Tuesday October 8, 2019

Black Forest Express

Photo by Gerri Miller

Monday’s high, 60; Overnight low , 47; .21” of rain







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This is Fire Prevention Week….GOP lawmakers call out Governor Wolf for making unilateral environmental order…..Bradford Road Project delayed….Causer’s Senior Expo Friday in Roulette

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This is Fire Prevention Week, instituted after two disastrous fires on the same day in 1871  In Peshtigo, Wisconsin, one of the most disastrous forest fires ever destroyed the town of burned across six counties and killed over 1100 people.

Then Mrs. O’Leary’s cow is accused of kicking over a lantern in the barn on this day in 1871, The barn, on DeKoven Street in Chicago, caught fire. The fire spread, scorching almost four square miles, killing about 300 people and leaving a path of destruction valued at over two hundred million dollars — a lot of dollars for that time.  Of course, Patrick & Mrs. O’Leary’s barn was destroyed; as were 17,450 other buildings, leaving almost 99,000 people homeless. The city of Chicago was virtually leveled. And out of the ashes, a phoenix, in tNow, more than 125 years later, a history buff, Richard Bales, says it may not have been Mrs. O’Leary’s cow, after all. It seems that Daniel ‘Peg Leg’ Sullivan, a neighbor of the O’Leary’s, was in the barn feeding his mother’s cow. He either kicked over a lantern or dropped a match or pipe, setting the famous fire. Sullivan, who had been questioned about the fire, said he was across the street when he saw the fire break out. A two-story building would have blocked his view. So, Bales theorizes that Sullivan lied and was the cause of the fire, rather than Mrs. O’Leary’s cow.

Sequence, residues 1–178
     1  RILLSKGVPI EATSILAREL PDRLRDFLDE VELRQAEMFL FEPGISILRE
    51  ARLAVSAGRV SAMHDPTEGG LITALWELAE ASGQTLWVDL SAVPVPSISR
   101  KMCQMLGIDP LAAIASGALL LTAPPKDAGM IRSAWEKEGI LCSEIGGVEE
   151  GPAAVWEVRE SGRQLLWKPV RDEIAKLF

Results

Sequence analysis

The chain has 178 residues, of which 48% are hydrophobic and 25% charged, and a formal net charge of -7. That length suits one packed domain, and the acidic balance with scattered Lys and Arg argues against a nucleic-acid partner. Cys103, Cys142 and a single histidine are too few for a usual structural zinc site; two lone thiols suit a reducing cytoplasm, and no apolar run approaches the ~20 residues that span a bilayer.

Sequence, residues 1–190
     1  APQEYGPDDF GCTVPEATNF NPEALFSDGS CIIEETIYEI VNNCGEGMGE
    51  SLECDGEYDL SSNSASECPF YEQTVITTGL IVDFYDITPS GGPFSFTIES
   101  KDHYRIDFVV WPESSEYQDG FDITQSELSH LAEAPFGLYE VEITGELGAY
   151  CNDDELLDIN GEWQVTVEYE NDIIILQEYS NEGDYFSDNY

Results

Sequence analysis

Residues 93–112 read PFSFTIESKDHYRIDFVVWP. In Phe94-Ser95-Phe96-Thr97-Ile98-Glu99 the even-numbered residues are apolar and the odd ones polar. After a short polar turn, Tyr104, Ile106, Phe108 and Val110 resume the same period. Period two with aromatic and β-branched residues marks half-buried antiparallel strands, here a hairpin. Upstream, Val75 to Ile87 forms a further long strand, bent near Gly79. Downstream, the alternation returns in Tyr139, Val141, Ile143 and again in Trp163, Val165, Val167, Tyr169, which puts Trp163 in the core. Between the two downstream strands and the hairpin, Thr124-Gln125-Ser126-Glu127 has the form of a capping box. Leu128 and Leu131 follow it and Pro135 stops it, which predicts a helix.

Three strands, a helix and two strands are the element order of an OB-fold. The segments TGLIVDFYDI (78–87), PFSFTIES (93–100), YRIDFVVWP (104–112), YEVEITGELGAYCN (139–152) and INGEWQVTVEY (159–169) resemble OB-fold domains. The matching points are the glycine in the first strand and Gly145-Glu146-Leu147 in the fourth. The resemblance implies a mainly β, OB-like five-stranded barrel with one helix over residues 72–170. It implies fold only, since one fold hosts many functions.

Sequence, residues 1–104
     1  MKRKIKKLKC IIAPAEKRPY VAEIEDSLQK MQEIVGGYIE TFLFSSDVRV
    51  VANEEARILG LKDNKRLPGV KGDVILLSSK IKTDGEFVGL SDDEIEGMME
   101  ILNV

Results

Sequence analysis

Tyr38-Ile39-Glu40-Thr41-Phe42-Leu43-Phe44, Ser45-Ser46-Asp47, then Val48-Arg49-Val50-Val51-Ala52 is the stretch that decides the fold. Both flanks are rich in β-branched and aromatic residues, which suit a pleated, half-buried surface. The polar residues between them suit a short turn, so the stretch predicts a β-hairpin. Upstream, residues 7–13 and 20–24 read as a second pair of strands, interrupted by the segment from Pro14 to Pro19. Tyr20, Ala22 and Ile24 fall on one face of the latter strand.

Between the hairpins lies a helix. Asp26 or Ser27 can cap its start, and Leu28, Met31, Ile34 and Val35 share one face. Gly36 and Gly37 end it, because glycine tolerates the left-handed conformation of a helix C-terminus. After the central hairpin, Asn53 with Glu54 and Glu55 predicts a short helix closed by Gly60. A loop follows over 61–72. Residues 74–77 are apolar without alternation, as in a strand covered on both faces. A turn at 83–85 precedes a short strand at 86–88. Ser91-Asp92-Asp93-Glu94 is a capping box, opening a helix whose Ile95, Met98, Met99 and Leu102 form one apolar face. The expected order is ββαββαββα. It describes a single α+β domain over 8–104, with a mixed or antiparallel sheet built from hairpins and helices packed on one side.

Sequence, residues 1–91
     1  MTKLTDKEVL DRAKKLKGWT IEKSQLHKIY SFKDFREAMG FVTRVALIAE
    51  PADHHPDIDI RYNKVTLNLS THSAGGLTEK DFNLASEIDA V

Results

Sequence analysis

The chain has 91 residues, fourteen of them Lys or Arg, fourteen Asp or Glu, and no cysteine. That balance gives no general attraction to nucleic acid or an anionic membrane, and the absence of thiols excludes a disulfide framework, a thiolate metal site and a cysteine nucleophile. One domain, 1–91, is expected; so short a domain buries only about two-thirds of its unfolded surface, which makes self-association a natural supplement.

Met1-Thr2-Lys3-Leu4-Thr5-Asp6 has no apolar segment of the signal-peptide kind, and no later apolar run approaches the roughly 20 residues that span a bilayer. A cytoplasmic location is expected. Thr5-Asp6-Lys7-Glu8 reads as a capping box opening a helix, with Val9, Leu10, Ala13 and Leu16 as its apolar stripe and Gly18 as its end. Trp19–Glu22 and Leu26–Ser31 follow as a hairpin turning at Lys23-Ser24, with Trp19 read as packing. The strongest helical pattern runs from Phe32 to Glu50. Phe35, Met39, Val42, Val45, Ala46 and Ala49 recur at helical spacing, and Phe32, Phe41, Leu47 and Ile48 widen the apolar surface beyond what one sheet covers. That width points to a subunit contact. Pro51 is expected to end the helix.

House Republican leaders are issuing the following statement in response to Gov. Wolf’s executive order on Pennsylvania joining the Regional Greenhouse Gas Initiative:

“The regulation of carbon dioxide presents significant impacts on our economy, the environment and on the bottom line for Pennsylvania families.

“The people of our Commonwealth, as represented and heard through the General Assembly, have the absolute right to review, approve or disapprove any plan that has such far reaching implications. This move calls for another new energy fee on Pennsylvanians. Taxpayers will pay more every time they flip a switch, make breakfast or charge their phone.




“We strongly disagree with Gov. Wolf’s continued practice of go-it-alone approaches that are unhelpful in working cooperatively to move our Commonwealth forward in a way that best represents the interests of all Pennsylvanians.

“Our state is not an autocracy, and one-sided decisions as significant as this leave out the important voices of Pennsylvania workers, communities and families whose livelihood is built upon important sectors of our energy economy. Pennsylvania’s energy sector is currently reducing greenhouse gas emissions by as much as 30% in recent years according to some estimates, and the industry is doing this without burdensome regulations.